"He said it felt like a crisp stuck in his throat. I said ‘could this be a secondary cancer?"
Six months later his tonsils were removed and were found to be cancerous.
It took a further four weeks to say what kind of cancer it was because the doctors had never seen it before.
There was more chemotherapy and brutal surgery. But it seemed the cancer had come from his bone marrow and without a transplant there was a big chance it would only return again.
Again Deryn had chemotherapy to blast his own bone marrow before a donor was found in Germany. The family were crushed when the first transplant failed to work. And then a second failed too.
Deryn’s only hope was to put a small remaining amount of his own bone marrow back in. Again the first attempt failed. There was just one last bag of bone marrow left - if that didn’t work there was no hope for Deryn. He would have no immune system and be unable to fight any infection.
"By day 46 of the transplant the bone marrow still wasn’t working," says Callie. "We’d been talking to the staff for days about it and it was agreed that would be the day all his antibiotics and treatment were turned off and we went to the hospice."
‘We knew Deryn had only been kept alive by antibiotics by then. With no immune system as soon as the antibiotics were turned off he would be killed by any infection. I likened it to a life support machine even though he was conscious – we knew once that was switched off that was it.
“I said to the doctor how long are we talking once it’s switched off? He replied: ‘Three days. A week at most.
“We’d had so many years building up to this and although the reality was I am going to lose my son, my first born and it was horrific, just horrific, we got on with it. There was nothing we could do to stop it and no amount of screaming and shouting was going to prevent it.
"I knew the doctors had tried everything and I trusted them implicitly but everything they could offer wasn’t enough.”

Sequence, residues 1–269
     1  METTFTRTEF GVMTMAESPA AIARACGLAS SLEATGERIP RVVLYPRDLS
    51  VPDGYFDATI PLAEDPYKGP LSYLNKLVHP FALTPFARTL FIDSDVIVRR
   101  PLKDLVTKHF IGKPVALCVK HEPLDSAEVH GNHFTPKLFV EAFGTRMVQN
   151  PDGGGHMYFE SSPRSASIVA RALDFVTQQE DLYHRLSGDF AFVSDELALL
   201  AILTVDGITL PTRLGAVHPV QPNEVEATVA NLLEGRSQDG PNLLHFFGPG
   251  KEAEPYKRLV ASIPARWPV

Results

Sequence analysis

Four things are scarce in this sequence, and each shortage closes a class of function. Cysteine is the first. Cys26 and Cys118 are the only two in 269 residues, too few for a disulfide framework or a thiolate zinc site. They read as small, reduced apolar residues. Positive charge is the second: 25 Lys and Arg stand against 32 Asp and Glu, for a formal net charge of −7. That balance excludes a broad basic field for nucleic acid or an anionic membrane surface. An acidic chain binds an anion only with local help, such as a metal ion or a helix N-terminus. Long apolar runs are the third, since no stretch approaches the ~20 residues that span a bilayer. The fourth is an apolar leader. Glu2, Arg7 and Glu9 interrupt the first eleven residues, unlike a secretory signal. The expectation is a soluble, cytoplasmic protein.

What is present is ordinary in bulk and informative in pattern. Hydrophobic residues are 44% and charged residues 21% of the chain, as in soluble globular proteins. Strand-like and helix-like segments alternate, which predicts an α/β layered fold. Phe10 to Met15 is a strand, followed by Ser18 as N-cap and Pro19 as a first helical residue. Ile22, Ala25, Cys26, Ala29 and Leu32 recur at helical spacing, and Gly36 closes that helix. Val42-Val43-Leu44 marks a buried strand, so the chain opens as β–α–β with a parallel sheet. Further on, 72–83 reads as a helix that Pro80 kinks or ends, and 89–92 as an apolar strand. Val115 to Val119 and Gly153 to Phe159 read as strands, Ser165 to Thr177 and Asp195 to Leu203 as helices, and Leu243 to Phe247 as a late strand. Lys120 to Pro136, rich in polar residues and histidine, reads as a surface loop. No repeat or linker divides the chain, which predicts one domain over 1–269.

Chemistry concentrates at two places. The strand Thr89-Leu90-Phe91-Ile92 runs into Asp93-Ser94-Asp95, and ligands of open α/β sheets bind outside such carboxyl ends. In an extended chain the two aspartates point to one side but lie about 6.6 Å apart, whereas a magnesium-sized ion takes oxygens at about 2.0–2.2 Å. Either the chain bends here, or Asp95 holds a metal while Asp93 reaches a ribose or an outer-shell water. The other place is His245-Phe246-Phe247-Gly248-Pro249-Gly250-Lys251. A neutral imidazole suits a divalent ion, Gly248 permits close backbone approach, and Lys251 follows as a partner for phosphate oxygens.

At the hospice the family celebrated Christmas on December 14th knowing Deryn wouldn’t make it until December 25th.
"He was so ill by then," says Callie. "He was being sick, he hadn’t eaten food in seven months, his mouth was full of blisters, he couldn’t swallow, his body was covered in sores, he had an infected hand where he’d caught it in the side of his bed and he was quite down.
"Throughout everything he’d always said, ‘you don’t need to worry about me mum, I’m not going to die'. But now he was saying he was ready to go. He said he either wanted to be dead or be well but he was neither and he’d been like that for years.
"He’s a very spiritual person too and he said he had dreams about passing and it was beautiful and peaceful. He wasn’t scared."
In this life though there was only suffering and anxiety for Deryn - and it was that which made Callie and Simon decide to give him cannabis which they’d read online could provide comfort for people suffering as he was.
Then one day a week later after she started the treatment, Deryn’s bandage on his infected hand fell off. What lay beneath the bandage astonished the family. The hand had healed.
"I knew you can’t even produce cells without a bone marrow," says Callie. ‘It meant he was getting better. The doctors rushed in and he had more tests in his bone marrow which showed his blood count was improving. The do not resuscitate signs were shredded. Deryn wasn’t dying any more."
Over the next few weeks Callie continued to secretly administer the cannabis - and by altering the doses could see it was having a direct result on his blood count.
Within weeks the family had left the hospice and Deryn was so improved Callie stopped the cannabis treatment.
Since then he has never had any further interventions and gone from strength to strength.
In many ways it seems nothing short of a miracle.
Yet Callie is not so sure.
"That’s really why I’ve written the book. I had so many people contact me with very sick children saying: ‘we’re praying for a miracle like Deryn had," and I felt I had a duty to tell them the truth and I don’t believe it was a miracle.
"I am very scared of doing this because it is illegal but I feel I have to do it. And I don’t like the ‘cure’ word. But I do know Deryn is with us now."Through everything I. Always believed things happen for a reason and now I think maybe that reason is to tell Deryn’s story to others. And hopefully it may start a wider conversation about treatments for cancer and help others. Then, yes, it will all have been for a good reason."
Source: Mirror UK